make the playoffs, and they won’t even host those games. That might be
the worst return on investment in NBA history.

And while the Warriors have been adamant that they are, in fact, a
better team this season than last season—they won more games, they’re
arguably deeper, and they have some really nice young players in the mix
these days.

They might even be right.

But there’s just one thing the Warriors are overlooking in that positive

A bunch of other teams in the West improved, too.

Year-over-year progress is a nice thing to sell, but these Dubs aren’t
rebuilding. They’re all in. As such, all that matters is how much better
you are than your peers.

The Warriors only finished with better records than five teams in the West.

But they have a shot, and they are playing much better basketball as of

“I’ve got a good feeling about what’s ahead,” Kerr said. “I think we
still have a good chance to do something special.”

It would, indeed, be special for the Warriors to surpass last year’s
ending and make it to the Western Conference Finals.

2025 WNBA Draft: Five prospects to watch for Golden State’s expansion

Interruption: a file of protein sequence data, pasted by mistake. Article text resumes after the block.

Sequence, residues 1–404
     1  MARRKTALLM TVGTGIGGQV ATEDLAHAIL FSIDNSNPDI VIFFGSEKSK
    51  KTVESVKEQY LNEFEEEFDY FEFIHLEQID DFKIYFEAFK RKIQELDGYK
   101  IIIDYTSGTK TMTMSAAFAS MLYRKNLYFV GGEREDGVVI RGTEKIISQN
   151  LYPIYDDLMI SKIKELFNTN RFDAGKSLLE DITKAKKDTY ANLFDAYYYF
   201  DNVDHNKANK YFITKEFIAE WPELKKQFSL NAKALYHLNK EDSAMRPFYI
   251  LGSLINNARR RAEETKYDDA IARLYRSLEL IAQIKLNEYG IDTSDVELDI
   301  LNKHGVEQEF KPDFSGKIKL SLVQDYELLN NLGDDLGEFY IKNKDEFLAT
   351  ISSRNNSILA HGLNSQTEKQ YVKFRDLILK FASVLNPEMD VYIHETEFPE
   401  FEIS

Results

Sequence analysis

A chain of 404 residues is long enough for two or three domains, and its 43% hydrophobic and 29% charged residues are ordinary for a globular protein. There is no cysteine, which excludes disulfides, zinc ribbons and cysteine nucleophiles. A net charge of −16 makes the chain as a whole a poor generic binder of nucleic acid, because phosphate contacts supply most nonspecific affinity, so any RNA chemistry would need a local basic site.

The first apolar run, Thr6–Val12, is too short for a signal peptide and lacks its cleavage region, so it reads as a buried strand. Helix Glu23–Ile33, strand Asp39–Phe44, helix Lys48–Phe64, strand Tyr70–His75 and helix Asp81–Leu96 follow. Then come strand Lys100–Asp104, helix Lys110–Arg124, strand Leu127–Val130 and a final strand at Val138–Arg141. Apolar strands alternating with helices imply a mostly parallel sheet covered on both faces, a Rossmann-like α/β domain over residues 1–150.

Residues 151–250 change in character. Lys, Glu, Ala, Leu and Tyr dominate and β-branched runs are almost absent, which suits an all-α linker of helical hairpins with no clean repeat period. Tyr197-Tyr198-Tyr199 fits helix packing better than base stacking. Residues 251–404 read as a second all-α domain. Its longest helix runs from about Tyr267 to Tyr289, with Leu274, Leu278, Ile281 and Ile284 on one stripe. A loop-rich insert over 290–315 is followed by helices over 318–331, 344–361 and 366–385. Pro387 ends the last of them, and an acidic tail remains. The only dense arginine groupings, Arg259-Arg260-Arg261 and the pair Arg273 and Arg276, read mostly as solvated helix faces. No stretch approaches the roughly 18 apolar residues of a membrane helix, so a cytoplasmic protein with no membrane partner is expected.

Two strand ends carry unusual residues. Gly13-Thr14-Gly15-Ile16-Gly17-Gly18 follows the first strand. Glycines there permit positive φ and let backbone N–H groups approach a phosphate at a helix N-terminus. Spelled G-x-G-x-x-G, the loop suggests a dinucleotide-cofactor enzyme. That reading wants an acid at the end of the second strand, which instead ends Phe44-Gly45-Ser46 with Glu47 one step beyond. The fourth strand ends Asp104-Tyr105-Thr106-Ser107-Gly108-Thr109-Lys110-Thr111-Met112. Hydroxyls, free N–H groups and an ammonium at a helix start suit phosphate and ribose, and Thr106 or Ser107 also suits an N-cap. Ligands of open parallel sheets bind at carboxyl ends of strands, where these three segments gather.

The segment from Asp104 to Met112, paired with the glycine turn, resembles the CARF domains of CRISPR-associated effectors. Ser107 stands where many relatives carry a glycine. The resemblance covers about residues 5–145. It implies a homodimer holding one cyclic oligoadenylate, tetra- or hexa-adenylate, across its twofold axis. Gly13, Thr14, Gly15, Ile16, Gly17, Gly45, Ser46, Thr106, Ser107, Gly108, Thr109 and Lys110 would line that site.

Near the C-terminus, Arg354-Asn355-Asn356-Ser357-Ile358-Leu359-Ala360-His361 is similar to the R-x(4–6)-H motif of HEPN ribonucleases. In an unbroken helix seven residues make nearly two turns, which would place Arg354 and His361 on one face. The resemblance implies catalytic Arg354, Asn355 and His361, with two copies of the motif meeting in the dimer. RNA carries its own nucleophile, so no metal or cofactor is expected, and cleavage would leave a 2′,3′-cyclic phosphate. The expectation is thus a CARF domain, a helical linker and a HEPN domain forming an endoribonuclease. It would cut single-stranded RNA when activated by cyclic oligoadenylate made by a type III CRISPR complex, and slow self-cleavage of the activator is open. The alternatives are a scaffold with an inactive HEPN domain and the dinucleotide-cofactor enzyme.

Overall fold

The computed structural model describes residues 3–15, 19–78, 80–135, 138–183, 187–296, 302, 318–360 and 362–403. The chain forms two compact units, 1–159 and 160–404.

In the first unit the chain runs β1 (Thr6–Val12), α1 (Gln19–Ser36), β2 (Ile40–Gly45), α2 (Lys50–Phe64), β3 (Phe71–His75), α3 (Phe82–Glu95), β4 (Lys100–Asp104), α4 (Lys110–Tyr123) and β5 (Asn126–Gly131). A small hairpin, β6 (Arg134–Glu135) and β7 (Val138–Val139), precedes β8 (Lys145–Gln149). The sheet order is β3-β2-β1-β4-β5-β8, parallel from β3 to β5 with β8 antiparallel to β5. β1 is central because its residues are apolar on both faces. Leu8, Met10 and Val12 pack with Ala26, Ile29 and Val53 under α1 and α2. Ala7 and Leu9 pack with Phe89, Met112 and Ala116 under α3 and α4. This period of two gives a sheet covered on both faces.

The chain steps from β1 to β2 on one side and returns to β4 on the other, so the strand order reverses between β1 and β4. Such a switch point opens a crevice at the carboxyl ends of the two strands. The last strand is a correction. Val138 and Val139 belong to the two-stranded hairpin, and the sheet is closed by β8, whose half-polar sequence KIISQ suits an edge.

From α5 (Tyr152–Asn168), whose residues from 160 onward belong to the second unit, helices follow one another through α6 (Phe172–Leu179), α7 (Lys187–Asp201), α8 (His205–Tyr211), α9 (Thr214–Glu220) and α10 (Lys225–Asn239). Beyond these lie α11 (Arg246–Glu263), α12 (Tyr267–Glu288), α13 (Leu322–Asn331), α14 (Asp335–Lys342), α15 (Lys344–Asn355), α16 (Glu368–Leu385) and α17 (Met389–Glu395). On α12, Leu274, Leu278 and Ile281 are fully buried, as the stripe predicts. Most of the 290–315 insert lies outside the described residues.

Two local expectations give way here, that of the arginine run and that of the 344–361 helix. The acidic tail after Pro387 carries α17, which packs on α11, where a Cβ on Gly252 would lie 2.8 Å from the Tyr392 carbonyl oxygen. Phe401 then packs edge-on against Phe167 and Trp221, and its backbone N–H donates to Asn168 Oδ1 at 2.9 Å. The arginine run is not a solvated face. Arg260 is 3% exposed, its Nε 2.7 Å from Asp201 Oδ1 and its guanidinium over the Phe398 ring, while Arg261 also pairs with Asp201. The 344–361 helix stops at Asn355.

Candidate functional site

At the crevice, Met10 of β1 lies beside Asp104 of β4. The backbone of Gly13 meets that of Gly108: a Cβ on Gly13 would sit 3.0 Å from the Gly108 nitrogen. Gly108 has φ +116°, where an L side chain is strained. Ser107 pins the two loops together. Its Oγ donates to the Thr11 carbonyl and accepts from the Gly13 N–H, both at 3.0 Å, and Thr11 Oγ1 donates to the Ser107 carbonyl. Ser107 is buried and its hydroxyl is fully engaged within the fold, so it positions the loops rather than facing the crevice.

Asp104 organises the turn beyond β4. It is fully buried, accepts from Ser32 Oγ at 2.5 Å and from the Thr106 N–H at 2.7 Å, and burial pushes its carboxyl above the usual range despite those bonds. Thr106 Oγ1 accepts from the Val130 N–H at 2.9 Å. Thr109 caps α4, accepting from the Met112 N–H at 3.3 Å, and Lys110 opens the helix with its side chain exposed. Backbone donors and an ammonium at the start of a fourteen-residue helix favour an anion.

Klay Thompson addresses uncertain future ahead of Warriors-Kings
play-in game
Will the Warriors big bet on Jonathan Kuminga pay out?
Warriors-Kings, Vol. 5: The X’s and O’s that will keep Dubs alive or
send them packing
Steph Curry to compete for Team USA in Paris 2024 Olympics: Report

Golden State is banking on their recent form to carry into the
postseason. They’ve been a top-10 team in the league since the All-Star
Game and an even better team over the last ten games.

But that success hasn’t translated into wins against top teams. The
Warriors ended the season with a 4-19 season against the top six teams
in the West, and the only top-10 team they had a winning record against
was the Lakers (3-1).

But if the play-in was inevitable, the Warriors might have lucked into a
best-case scenario.

Sacramento is not a top team. They’re down two key role players and have
lost five of their last six games going into Sunday’s contest (a win
against the tanking Blazers). That losing run included a must-win game
Friday against the Suns, when they choked away a 16-point lead.

The Warriors can then play in Los Angeles or New Orleans. There are no